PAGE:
Su’s experience is a familiar one, as professors wrestle with the challenge of creating a sense of community in their online courses. Relationships are the foundation of good learning, teaching experts say. Feeling comfortable with classmates, wanting to engage in debates and share ideas, having a sense of belonging — these are all critical components of a vibrant classroom, and something particularly challenging to create online. Virtual classes can seem awkward and communication forced. Many students struggle to secure reliable Wi-Fi access and quiet places to learn, which may limit their ability to engage with classmates. Faculty members also worry about how to thread the needle between keeping expectations high for their students and adapting to their circumstances. From a distance of hundreds, or thousands, of miles away, in a politically and economically fraught time, it is hard to develop and maintain connections.“We’re fighting multiple things,” says Courtney Plotts, national chair of the Council for At Risk Student Education and Professional Standards. “It’s not just the design of the class. It’s the world as a whole. A lot of students expected it to be back to normal by now, and it’s not.”In one survey this spring that included more than 22,500 undergraduate students at five public research universities, 76 percent said they lacked motivation for online learning. Another major obstacle, cited by 64 percent, was a lack of interaction or communication with other students. And the sense of connection they need is undermined further by burnout, distraction, worry, and uncertainty. “For those externally motivated students, they’re just completely done,” says Plotts. “As an instructor, it’s hard not to take it personally.”So what can professors do?Teaching in virtual classrooms requires new rules of engagement. Unless professors find alternative ways to create that sense of place, foster connections, monitor attention, and generate useful feedback, virtual learning can be reduced to a series of transactions: Do this, respond to that. That’s why, teaching experts say, students may do the bare minimum in a class: They don’t feel they’re part of something larger. Rather, they see their coursework as a collection of tasks to complete.A physical classroom, online-teaching experts note, provides a sense of structure and shared space. In person, connections are developed and strengthened through small talk and hallway conversations. Students can gather around a table to work on an assignment together, fostering communal learning. Professors can easily read body language and see when students start losing interest or are confused by the material.Plotts, a psychologist who works with colleges and other institutions in supporting culturally diverse students in online classes, believes that a sense of community is so fundamental to learning that, like papers and exams, it too needs to be “graded” by the professor. Creating those bonds, she notes, is particularly important for students who come from communal cultures, which place more emphasis on interdependence than independence. In a physical classroom those students find people who look like them, and perhaps ask questions they might not want to ask the instructor. Those relationships don’t happen naturally online: They need to be encouraged. She suggests that professors begin by talking about these rules of engagement with students, and explaining what they will be looking for, week to week. How vibrant and civil are discussions, whether through Zoom, in a chat function, or on discussion-board posts? How thoughtful are students’ responses to each other’s contributions? How frequently does the class talk about how well things are going and what might need to change? Instructors can also set up “neighborhoods” for their students, or online discussion groups where students can go to continue classroom conversations in smaller settings.Faculty members must also acknowledge their own roles in creating community, she says. For example, professors should ask themselves, How often do I bring something a student has written into my classroom discussion, to show that I am paying attention to their work?“It’s something that takes a lot of time, effort, and energy,” says Plotts. But “if you’re not intentional with what you’re doing in an online space, it’s not going to happen.”Even before the emergency pivot online, John G. LaMaster had a steep hill to climb.He knows that his students, many of whom struggle financially and are the first in their families to attend college, are not in his college algebra class because they love math. They are there because they have to be. Some doubt that they even belong in college, carrying a sense of insecurity that runs so deep, he says, they’d rather get the answer to a problem wrong than ask a question about it in class.“The big struggle for many of my students, especially online, is just to lurk,” says LaMaster, a senior instructor in the mathematics department at Purdue University at Fort Wayne. He believes a sense of belonging is a crucial step in priming students to learn. But sometimes “they don’t want to engage at all. So how do I overcome that wall?”That challenge, along with the exhaustion he felt in getting through the spring, led LaMaster, who, as course coordinator, oversees 10 other sections of algebra along with his own, to enroll in a summer program called Camp Operation Online Learning. He calls it a lifesaver, as it enabled him to create a course in which students feel welcomed.He builds community through small but meaningful gestures. At the start of each class, which is taught in a hybrid setup, he shares an interactive online chart to take attendance, in which every student puts their name on a “seat.” The chart signals that he considers them all part of the classroom, whether they’re in person or online. He also plays music at the beginning of each session to relax the students. When studying linear functions, for example, they were greeted with Johnny Cash’s “I Walk the Line.” For a lesson on domain and range, he played Gene Autry’s “Home on the Range.”He also encourages students to work collaboratively, through shared documents, for example, which allows them to solve problems together, as well as share ideas and study tips.He spent time this summer creating a checklist for students, with frequent reminders and checkpoints to help them stay on track and measure their progress. Such guideposts are necessary, online-teaching experts say, because it is easy for students to get lost as they toggle among different classes on different platforms, feel overwhelmed by their workloads, or simply forget what comes next.LaMaster says he wants students to know that no matter how many roadblocks get thrown in their way they can still complete the course. After all, on any given week, a student could end up attending class on his phone, in the parking lot of a McDonald’s, because his Wi-Fi went out.Finally, he frequently asks what’s working and what isn’t. Once, he says, a student asked why he gave them repeated chances to redo homework problems but was stricter with quizzes. After he explained that he was trying to prepare them for what it would be like to take their exams, students came around. “Eyes were open to, ‘Oh, he’s not doing this to be a jerk, he’s doing this to help me learn,’” LaMaster says. “I’m so delighted that they can put that out there, and I can help them be part of understanding the learning process.”Only a few weeks into the semester, LaMaster found the class going well. Just two of his 18 students did poorly on the first test, in what is normally a high-fail course. He thought the upfront effort to create a well-designed and inclusive online course made him a better, more engaged, teacher. “Faculty sometimes think, if it isn’t related to content, should we use it? I tell you, it adds a dimension to the learning that is a necessity, not a luxury.”Online learning during the coronavirus pandemic has proved to be a particular challenge for some lower-income students and students of color, whose communities have been hit hardest by the virus. Technical and personal challenges can make it difficult to connect with their classmates, literally and figuratively. If students are logging on with data plans and phones, have little privacy, or are caring for others, turning on cameras for online classes can be awkward, even impossible. Almost two-third of the students at Roosevelt University, a private institution in Chicago where many students are Pell eligible and first generation, reported difficulty focusing on learning when classes moved online in the spring, says Mike Maly, associate provost for research and faculty success. The college has offered course-design training and convened faculty members to talk about equity.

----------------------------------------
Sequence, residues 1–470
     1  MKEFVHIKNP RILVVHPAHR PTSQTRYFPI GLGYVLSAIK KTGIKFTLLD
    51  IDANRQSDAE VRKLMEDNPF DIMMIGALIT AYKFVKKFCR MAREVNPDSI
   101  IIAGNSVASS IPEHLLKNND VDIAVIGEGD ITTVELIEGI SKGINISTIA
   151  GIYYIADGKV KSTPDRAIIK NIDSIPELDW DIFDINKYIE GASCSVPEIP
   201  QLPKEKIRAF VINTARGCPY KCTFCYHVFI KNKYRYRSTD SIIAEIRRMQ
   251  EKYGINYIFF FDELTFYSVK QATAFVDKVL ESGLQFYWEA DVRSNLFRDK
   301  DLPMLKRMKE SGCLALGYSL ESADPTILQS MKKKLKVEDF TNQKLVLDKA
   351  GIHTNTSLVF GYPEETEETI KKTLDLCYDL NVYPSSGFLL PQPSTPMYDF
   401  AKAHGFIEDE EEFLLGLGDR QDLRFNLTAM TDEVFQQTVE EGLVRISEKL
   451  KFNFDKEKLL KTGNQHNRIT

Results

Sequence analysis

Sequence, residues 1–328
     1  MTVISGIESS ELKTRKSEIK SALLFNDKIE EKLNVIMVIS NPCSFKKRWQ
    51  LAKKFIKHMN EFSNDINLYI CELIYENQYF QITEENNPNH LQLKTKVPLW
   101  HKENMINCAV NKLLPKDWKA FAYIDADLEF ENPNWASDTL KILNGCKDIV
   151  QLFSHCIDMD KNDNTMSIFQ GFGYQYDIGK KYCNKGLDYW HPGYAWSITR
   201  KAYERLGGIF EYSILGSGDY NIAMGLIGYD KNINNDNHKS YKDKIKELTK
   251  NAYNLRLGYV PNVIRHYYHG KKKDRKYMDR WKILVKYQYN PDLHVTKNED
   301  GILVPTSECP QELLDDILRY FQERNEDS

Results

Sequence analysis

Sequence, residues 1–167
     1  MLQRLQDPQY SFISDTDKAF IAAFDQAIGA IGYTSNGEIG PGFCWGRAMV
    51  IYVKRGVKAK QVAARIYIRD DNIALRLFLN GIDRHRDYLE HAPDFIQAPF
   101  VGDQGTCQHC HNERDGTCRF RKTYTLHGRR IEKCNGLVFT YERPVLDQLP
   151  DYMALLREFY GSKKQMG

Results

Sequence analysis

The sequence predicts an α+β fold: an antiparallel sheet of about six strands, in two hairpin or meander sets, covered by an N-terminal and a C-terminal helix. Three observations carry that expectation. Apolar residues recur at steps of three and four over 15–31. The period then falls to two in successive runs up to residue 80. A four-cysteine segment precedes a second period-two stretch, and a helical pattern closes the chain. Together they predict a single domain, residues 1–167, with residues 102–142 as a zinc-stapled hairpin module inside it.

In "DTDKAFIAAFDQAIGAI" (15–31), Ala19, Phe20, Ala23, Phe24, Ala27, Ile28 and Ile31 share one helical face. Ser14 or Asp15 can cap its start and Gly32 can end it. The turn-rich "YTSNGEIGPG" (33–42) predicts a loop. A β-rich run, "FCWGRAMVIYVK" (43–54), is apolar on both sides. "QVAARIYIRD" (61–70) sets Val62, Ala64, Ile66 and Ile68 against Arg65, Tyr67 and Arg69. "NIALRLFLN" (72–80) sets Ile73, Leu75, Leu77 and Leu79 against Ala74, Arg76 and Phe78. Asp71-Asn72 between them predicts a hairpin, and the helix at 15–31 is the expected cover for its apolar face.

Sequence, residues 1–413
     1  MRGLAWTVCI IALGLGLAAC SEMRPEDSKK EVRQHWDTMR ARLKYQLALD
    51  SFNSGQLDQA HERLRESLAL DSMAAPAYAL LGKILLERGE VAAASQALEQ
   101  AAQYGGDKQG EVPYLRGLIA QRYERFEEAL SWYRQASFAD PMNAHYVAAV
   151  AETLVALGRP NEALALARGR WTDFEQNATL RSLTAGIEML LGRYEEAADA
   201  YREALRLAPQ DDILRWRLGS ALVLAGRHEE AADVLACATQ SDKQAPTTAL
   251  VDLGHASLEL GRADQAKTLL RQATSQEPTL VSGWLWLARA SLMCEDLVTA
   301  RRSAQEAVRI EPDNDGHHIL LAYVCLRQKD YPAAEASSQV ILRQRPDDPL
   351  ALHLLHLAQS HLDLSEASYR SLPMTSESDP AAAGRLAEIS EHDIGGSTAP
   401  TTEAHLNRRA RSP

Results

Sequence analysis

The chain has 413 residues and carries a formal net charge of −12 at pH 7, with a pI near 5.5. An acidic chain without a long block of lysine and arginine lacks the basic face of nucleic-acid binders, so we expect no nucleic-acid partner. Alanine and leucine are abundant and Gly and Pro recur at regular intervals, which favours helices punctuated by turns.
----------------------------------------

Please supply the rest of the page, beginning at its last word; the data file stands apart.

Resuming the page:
There’s a way to have rigor and fidelity to your outcomes while being flexible in the moment.

Marjorie Jolles, who runs Roosevelt’s honors program, says she is allowing students to miss up to eight live classes this semester, given that they have so much going on right now. She is also leaning heavily on teaching strategies that foster relationships among students, like peer review, and using breakout rooms where they can discuss and debate the design of their honors theses. “I think there’s a way to have rigor and fidelity to your outcomes while being flexible in the moment,” says Jolles, who reports close to 100-percent attendance in her two courses so far this semester.At Wayne State University, which has a similarly diverse student body, Karen Myhr, an associate professor of biology, has also been thinking about inclusivity. Many of her students are considered at risk academically, she says: Low test scores placed them in her course, called “An Introduction to Life,” instead of in a more advanced biology sequence.Even in normal times, she says, her students have needed a lot of support. To help them build connections, virtually, she has grouped them into teams of their choice, and then put those teams into private channels online. Her five undergraduate learning assistants can enter. But she stays out, knowing that having the professor listen to their conversation could cause some to freeze up.Instead, she monitors their written work, which is done through collaborative online software. A typical online class might include a few minutes of instruction, followed by group work, and a debrief, as she shares examples of what they came up with in their teams. “The students benefit more from seeing what other students did than what I say the answer is,” Myhr notes. “My job is to clarify.”Like many professors, she is averse to proctored online tests. So she reduced the role that exams typically play in her course and asked students instead to come up with creative representations of biological concepts. Podcasts, animation, and T-shirts that map out organ systems are just a few of the ideas students have pitched.While it’s too early to say whether her students are learning as effectively as they would in person, she notes that class attendance has risen significantly. It is above 96 percent, compared with 80 to 85 percent in person.Getting students to pay sustained attention in an online class is a challenge, particularly when so many other worries are competing for their time. But some teaching experts caution against romanticizing how much easier it was to hold their attention in a physical classroom.Students have always tuned out in class, doodling in the margins of their notebooks, checking their phones, or just daydreaming. The student with his camera off may just be the online equivalent of the one in the back of the large lecture hall with his hoodie up, slumped down in his chair, half-listening and not wanting to be noticed.“For too long teachers have thought about attention as the norm, and distraction as the deviation from the norm. Both history and biology teach us that the opposite is true,” writes James M. Lang, director of the Center for Teaching Excellence, at Assumption College, in Massachusetts, in a recent essay on distraction. “Periods of sustained attention are like islands rising from the ocean of distraction in which we spend most of our time swimming.”Lang, whose book, Distracted: Why Students Can’t Focus and What You Can Do About It, comes out this month, had been thinking about the topic long before the pandemic hit. He recalls one incident in particular, when he noticed one of his most enthusiastic students — the kind who always sits in the front row — sneaking glances at her phone.At first he was taken aback: Was technology really such a powerful lure? Not really, he decided. The challenge was in the classroom itself. Attention ebbs and flows. “It’s very difficult for people to pay laser-focused attention to someone who asks them to do hard thinking,” he said in an interview. “We have to be empathetic to ourselves and to students.”So how can professors keep pulling students back into that flow? Lang’s book wasn’t written for the pandemically challenged, but he says that some of the same strategies he has used in person can work equally well online. For one, keep changing things up. You might break a class up into segments: short lecture, group work, worksheets, then a whole-class discussion. The online equivalent could be a combination of breakout rooms and shared Google docs.He also notes that people give their attention to those who pay attention to them. So, call on students. Bring up something they wrote on a discussion board or in an essay, and ask others to respond. Be clear about why you think engagement is important, and reward students for participating in activities in which they’re interacting with others.“There’s nothing radical here,” he says of his strategies. The shift is more in the professor’s mind-set. “Stop thinking so much about trying to eliminate distraction,” he says. “Instead, you want to think about how to support and sustain attention.”Lang isn’t teaching this fall, but one of his colleagues, Elizabeth Colby Davie, has taken his lessons to heart, redesigning her fall classes to create and reinforce connections with her students.Davie, a chemistry professor, got through the spring using the flipped-classroom model, in which she taped lectures and then held discussions on Zoom. It went OK, she says, but she felt like she “lost the middle.” The ones who had talked in the physical classroom continued to contribute in the online version. The quiet ones stayed quiet. But those who sometimes engaged in class seemed to struggle.Because Assumption is offering a two-term semester this fall her class meets online five days a week. To help create a sense of community, Davie has students do a social activity every Monday, like produce a recording of how they created a 3D model of a molecule using household items. Thursdays are for “study hall,” in which students find or design a problem related to the day’s material and create an answer key, all of which they explain on a discussion board. “I’m not sure what they think of it, but I love it,” she says, noting how readily they comment on one another’s work.She also keeps office hours, in which students can pop in on Zoom during a set time each week. She sees many more students this way than she does in a traditional semester.Six weeks in, she says, “I feel like I know them, some of them very well, even the ones who are superquiet. I’ve seen them six times on a short video.”Davie seems to have created those relationships with and among her students that experts say are fundamental to learning. Focusing on making connections, encouraging students to engage in collaborative work, and checking in regularly to hear how everything is going are the basic building blocks of community.Perhaps most important, though, is to be adaptable. When things aren’t working, stop and evaluate, says Plotts, the consultant who works with schools and colleges in supporting marginalized students. “Literally tell them, we need to hit the restart button because something isn’t working. I need to hear from you what’s happening.”“Perfection is like a unicorn,” she says. “Everybody talks about it and nobody has seen it. And that’s kind of what we’re in right now. Don’t strive for perfection. Strive for connection.”